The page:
Discipline: Art History Instructor:Maki Credits: 3 Day: A Start: 1540 End: 1655 Field Work:
Day 1 | Japan
Prerequisites: None, though some experience with Asian religion or visual culture may be helpful
Beginning with the life of the Buddha, this course will explore how Buddhist art developed in India and was adopted and adapted by the cultures of China, Japan, and Southeast Asia. We will examine the intersections between Buddhist doctrine, art, and architecture through extensive and close analysis of visual forms and materials. We will also explore the use of Buddhist art and architecture to legitimize political, social, and cultural power.
Country: Japan Day: 1
The Kamakura period of Japanese history (12th-14th centuries) gave rise to a revival of Buddhist arts and architecture. To better understand ritual space and the function of art within a Japanese temple environment, we will explore a variety of local Buddhist temples in and around Kamakura. In addition, we will visit the famed monumental sculpture of the Buddha Amida (Kamakura Daibutsu). Our visit has three key objectives: learning to identify the visual cues that distinguish the arts of Mahayana Buddhism and the Pure Land and Zen traditions, to better understand the construction of ritual space, both in its architecture and also the contents of the temples, and to recognize and explain artistic styles and themes found in these sites at Kamakura. These first-hand encounters will help us better understand the scale, scope and meanings of ritual space in Japanese Buddhism, and to more clearly discern characteristics of Japanese Buddhist art and architecture that flourished during this vibrant era.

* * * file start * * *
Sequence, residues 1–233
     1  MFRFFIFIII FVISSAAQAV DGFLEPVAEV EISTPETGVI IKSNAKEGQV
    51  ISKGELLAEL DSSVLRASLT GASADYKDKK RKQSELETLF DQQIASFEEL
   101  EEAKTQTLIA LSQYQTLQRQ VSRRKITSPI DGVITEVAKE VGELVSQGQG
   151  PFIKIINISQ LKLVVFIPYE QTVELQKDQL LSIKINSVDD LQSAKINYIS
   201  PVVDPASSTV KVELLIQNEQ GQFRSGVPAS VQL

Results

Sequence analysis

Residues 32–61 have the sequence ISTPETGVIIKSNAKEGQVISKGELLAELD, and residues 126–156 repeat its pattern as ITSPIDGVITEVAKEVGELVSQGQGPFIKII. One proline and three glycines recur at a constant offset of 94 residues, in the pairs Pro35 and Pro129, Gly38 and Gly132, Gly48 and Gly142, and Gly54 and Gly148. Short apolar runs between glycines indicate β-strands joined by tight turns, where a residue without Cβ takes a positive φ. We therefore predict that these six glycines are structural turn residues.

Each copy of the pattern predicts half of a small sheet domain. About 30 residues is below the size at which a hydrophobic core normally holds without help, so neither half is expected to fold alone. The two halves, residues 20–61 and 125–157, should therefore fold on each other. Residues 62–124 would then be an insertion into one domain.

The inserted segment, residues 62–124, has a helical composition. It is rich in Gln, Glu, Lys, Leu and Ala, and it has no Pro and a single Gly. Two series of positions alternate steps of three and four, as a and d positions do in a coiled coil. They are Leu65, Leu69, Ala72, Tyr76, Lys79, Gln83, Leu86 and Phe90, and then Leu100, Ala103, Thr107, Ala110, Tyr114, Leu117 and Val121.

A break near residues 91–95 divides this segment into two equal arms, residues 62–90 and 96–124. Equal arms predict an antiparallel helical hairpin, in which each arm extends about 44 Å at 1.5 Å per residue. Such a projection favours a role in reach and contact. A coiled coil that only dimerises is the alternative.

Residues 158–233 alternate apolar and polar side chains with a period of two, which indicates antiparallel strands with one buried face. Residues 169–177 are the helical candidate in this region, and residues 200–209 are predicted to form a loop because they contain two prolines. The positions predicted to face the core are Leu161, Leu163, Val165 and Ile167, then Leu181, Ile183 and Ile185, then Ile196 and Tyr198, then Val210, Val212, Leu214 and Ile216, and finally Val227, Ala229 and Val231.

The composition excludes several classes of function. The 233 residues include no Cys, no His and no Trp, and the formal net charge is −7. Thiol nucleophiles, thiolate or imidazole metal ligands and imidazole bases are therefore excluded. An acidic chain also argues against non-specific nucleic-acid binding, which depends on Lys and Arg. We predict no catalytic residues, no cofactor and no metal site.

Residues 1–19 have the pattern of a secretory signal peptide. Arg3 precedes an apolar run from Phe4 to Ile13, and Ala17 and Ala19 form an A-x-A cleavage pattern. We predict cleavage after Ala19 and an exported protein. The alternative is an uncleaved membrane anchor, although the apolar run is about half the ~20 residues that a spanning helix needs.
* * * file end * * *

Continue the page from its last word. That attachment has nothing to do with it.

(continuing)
Identify the visual cues that distinguish the arts of Mahayana Buddhism and the Pure Land and Zen traditions
Understand the construction of ritual space, both in its architecture and also the contents of the temples
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